Written literature is a fossil record. Without a living sample of the culture it was produced and living in, an enormous amount of the story is subject to conjecture — whether people took it seriously, how certain sections were interpreted, the meanings of individual words that have since fallen into disuse or changed meaning entirely, missing pieces we have no idea are missing because nothing refers to them — and since stories are open-ended, you can’t exactly look at a piece, declare it’s a jawbone, and reconstruct what the rest of the animal looked like.

Prior to writing, stories were soft-bodied pre-Cambrian things, transmitted only via oral traditions, preserved by rote memorization, subject to easy embellishment and on-the-fly editing. They weren’t completely without structure, being supported by mnemonic devices like repetition, rhyme, rhythm, and musical and dance accompaniment, but they were much, much softer. Even so, a story, sometimes even the introduction of a single new word, was the magic that would change a listener’s mind, and the most powerful and useful ones were preserved.

Anyway, I had a point when I started laying down this foundation, and the point was to address a lie I’ve been seeing circulating. I’ll get to that in a minute.

But stories drift, either oral or written. Written stories undergo massive changes any time they are translated, every time the language is updated to make it accessible to a new generation due to drift in grammar and the meanings of the words of which the stories are comprised. Stories change in impact and undertone when events happen that cast the depictions of events in the stories in a new light. Stories change when people name their children after people in the stories, and those children act in ways inconsistent with the recorded participants.

If you keep careful records, and also keep careful records of as many cultural and contextual details as possible, you can preserve very old versions of the stories. If you analyze a number of old stories and old fragments in the literary fossil records in terms of the elements those stories have in common, you can reach even further back and reconstruct even older versions of the stories, though you run the risk of including errors and the taint of modern thinking — or, more frequently, just not understanding what you’ve recovered because you have insufficient context even for the popular meaning of the words you’ve translated.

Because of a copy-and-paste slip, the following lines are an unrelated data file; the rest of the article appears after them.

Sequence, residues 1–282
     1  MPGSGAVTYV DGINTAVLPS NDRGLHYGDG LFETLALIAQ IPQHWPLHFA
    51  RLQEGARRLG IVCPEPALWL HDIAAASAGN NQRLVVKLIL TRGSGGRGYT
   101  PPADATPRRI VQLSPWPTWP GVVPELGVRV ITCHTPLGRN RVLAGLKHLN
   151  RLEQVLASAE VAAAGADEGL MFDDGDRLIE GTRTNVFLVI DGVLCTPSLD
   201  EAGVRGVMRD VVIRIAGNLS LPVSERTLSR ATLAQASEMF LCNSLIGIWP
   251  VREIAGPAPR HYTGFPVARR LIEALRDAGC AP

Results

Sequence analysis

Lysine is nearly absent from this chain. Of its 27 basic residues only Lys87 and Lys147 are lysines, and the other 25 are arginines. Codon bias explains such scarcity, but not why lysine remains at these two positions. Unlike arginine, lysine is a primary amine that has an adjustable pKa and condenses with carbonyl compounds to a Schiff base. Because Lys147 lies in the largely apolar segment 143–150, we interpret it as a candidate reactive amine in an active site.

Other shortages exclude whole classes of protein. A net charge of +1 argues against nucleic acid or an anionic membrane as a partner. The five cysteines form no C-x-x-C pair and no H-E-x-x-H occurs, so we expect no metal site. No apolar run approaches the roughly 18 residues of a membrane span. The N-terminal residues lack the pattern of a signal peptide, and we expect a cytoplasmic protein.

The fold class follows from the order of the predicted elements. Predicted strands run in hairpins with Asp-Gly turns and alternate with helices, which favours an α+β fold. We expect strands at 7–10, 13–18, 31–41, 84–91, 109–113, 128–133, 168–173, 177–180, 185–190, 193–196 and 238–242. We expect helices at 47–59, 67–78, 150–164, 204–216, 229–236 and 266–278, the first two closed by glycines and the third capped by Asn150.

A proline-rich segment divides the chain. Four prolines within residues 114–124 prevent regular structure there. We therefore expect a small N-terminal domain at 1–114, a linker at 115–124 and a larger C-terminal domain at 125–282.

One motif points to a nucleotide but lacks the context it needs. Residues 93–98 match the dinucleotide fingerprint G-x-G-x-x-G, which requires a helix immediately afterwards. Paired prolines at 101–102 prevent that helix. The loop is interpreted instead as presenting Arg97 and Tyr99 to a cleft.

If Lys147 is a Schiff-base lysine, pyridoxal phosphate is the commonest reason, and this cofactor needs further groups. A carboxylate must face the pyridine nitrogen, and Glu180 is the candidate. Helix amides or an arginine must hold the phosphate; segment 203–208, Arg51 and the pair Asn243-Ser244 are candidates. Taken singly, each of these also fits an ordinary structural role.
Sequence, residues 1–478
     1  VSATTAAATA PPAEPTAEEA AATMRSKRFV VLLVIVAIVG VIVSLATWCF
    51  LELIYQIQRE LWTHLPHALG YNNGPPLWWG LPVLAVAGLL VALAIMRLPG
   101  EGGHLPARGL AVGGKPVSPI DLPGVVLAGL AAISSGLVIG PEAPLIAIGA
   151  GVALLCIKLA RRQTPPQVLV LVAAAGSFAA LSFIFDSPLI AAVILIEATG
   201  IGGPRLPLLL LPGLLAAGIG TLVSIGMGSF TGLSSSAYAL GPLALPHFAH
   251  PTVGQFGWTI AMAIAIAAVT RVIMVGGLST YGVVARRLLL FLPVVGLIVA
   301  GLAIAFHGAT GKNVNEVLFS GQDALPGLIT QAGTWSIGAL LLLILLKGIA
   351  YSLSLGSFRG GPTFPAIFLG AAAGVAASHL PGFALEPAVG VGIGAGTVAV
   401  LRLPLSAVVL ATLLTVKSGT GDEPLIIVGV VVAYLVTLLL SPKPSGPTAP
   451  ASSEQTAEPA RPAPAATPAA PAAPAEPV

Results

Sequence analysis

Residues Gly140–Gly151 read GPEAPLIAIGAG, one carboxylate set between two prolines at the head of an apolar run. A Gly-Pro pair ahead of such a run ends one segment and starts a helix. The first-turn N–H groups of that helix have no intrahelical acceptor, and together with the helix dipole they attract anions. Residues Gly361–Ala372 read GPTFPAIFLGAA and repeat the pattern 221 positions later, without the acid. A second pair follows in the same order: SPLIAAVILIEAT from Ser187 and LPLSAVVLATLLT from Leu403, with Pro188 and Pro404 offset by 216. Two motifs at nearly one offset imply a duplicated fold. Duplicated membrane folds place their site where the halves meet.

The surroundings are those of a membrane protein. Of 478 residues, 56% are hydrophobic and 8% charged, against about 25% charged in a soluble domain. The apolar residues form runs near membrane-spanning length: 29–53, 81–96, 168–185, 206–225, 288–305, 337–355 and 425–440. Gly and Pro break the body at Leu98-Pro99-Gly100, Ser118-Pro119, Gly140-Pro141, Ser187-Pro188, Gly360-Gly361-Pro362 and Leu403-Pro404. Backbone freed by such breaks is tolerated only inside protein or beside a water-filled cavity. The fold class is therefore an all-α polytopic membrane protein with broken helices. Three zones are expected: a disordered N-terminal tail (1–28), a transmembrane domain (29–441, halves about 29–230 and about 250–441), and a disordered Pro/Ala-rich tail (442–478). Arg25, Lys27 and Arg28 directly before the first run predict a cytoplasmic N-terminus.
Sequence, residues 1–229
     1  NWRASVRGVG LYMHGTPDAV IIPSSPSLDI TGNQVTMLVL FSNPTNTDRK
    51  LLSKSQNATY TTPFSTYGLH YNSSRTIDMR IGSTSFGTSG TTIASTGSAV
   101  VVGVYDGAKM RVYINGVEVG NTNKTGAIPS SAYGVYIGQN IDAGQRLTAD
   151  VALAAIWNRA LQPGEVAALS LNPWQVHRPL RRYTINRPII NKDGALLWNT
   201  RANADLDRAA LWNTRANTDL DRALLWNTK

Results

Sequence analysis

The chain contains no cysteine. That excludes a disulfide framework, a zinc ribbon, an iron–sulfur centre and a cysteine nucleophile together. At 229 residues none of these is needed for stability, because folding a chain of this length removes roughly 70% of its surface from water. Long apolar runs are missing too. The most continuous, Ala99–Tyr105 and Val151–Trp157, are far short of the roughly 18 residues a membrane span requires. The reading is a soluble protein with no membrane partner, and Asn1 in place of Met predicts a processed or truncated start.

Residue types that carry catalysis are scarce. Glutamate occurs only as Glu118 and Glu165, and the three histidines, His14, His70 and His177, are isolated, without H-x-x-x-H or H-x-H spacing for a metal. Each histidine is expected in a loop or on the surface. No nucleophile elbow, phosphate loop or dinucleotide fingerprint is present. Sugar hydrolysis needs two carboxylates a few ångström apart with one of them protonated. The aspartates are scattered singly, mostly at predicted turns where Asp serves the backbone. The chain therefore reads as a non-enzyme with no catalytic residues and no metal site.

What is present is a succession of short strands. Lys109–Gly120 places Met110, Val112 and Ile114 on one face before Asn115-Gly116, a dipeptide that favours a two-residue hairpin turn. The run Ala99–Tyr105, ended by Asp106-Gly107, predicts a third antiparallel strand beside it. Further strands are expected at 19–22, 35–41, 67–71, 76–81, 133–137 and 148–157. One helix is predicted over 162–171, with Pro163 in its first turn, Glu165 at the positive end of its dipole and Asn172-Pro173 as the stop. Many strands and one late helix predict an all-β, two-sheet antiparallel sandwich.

Even taking all of that into consideration, people with a mind to do so, and the proper resources, can track the elements of a story back thousands and thousands of years. And the particular story I have in mind is the story of El Elyon of the priest Melchizadek (Malki Tzadek) of Jewish and Christian faiths, Illiyyah of the Samaritans, and Allah of the Muslims, and so on into more modern denominations. All of these faiths pin their beliefs to their written materials, and all of these stories go back to characters of the same names, performing the same actions. Abram (renamed Abraham) and Sarah, Ishmael and Isaac, Moses (Musa) and Aaron (Harun), Noah and the flood.

Elements of the stories above appear in the fossil record predating the earliest work viewed as a core to a modern religion as well. Noah’s flood and ark belonged to Utnapishtim of Akkadian/Sumerian/Babylonian stories. And there are other memetic markers that show common ancestry elsewhere, almost certainly hinting at familial relations among the religions of the area: The Bull of Heaven of Gilgamesh seems remarkably similar to the rampage of Egypt’s Hathor. Al-Khidr of the Muslim faith bears elements of the Sumerian Apkallu/Apgal fish-men sages that gave the old kings the me, the tokens and concepts that are the foundations of law and civilization. Roman Jove/Jupiter has been linked by name and taste for animal sacrifice to the god of the Jews as well, and arguments have been made that Abraham mentioned above is preserved in Hindu tradition as Brahma. I could list these markers for hours and hours, some sketchier than others, and not get to the end of them.

Fun though that might be, I need to address the lie I mentioned previously, and that lie is that Allah of the Muslim faith is not the same as the god of Jewish- and Christian-derived faiths. The strife of Judeo-Christian faiths against Islam is a fight between brothers according to both traditions, between Ishmael and Isaac, extended through three thousand years, over land and birthright. It is not a fight over whose god is the true god, because they are the same god. That has never been in question.

The people who spread that lie only do so to keep the conflict hot and fervent so as to keep up the price of oil, preying on the gullibility of the ignorant and convincing them there’s not just a threat to supply of critical resources, but to their very way of life. That’s bullshit. The threat is not even to the stored wealth of these people, but to the stream that brings them even more money, to the repeat of the $40 billion they made in record profits last year, not counting the $4 billion they received in tax breaks. I don’t know what your personal definition of evil is, but I’d hope it includes people that would throw gasoline on someone else’s fire to keep up the price of gasoline.

These people know they are all children of Abraham. If they all worship God differently, to the extent that they squabble among themselves to the point of killing each other over which way is the right way and which prophets are the most revered, I reserve the right to lose respect for the whole bunch who thinks Cain’s murder of Abel needs endless replication. Cain and Abel, Ishmael and Isaac, Esau and Jacob…. The stories they all share are rife with the struggle of brother against brother for God’s favor, and the results of that struggle, and yet some learn nothing from that. It’s sickening — but nowhere near as sickening as those godless outsiders who would exploit those scuffles for their own profit and drag the rest of the world into a living hell to get it, insulated, so they think, by a cocoon of flammable money.

This will not end well. But you can at least know who the real enemy is.


March 4, 2012 · Posted in Everything Else